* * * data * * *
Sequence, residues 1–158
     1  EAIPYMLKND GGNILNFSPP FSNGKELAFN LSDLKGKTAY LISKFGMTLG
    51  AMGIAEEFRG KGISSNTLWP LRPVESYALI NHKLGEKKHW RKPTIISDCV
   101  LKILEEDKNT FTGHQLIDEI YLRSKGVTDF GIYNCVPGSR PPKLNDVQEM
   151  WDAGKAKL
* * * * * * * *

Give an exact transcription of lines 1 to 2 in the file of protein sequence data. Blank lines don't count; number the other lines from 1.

Sequence, residues 1–158
     1  EAIPYMLKND GGNILNFSPP FSNGKELAFN LSDLKGKTAY LISKFGMTLG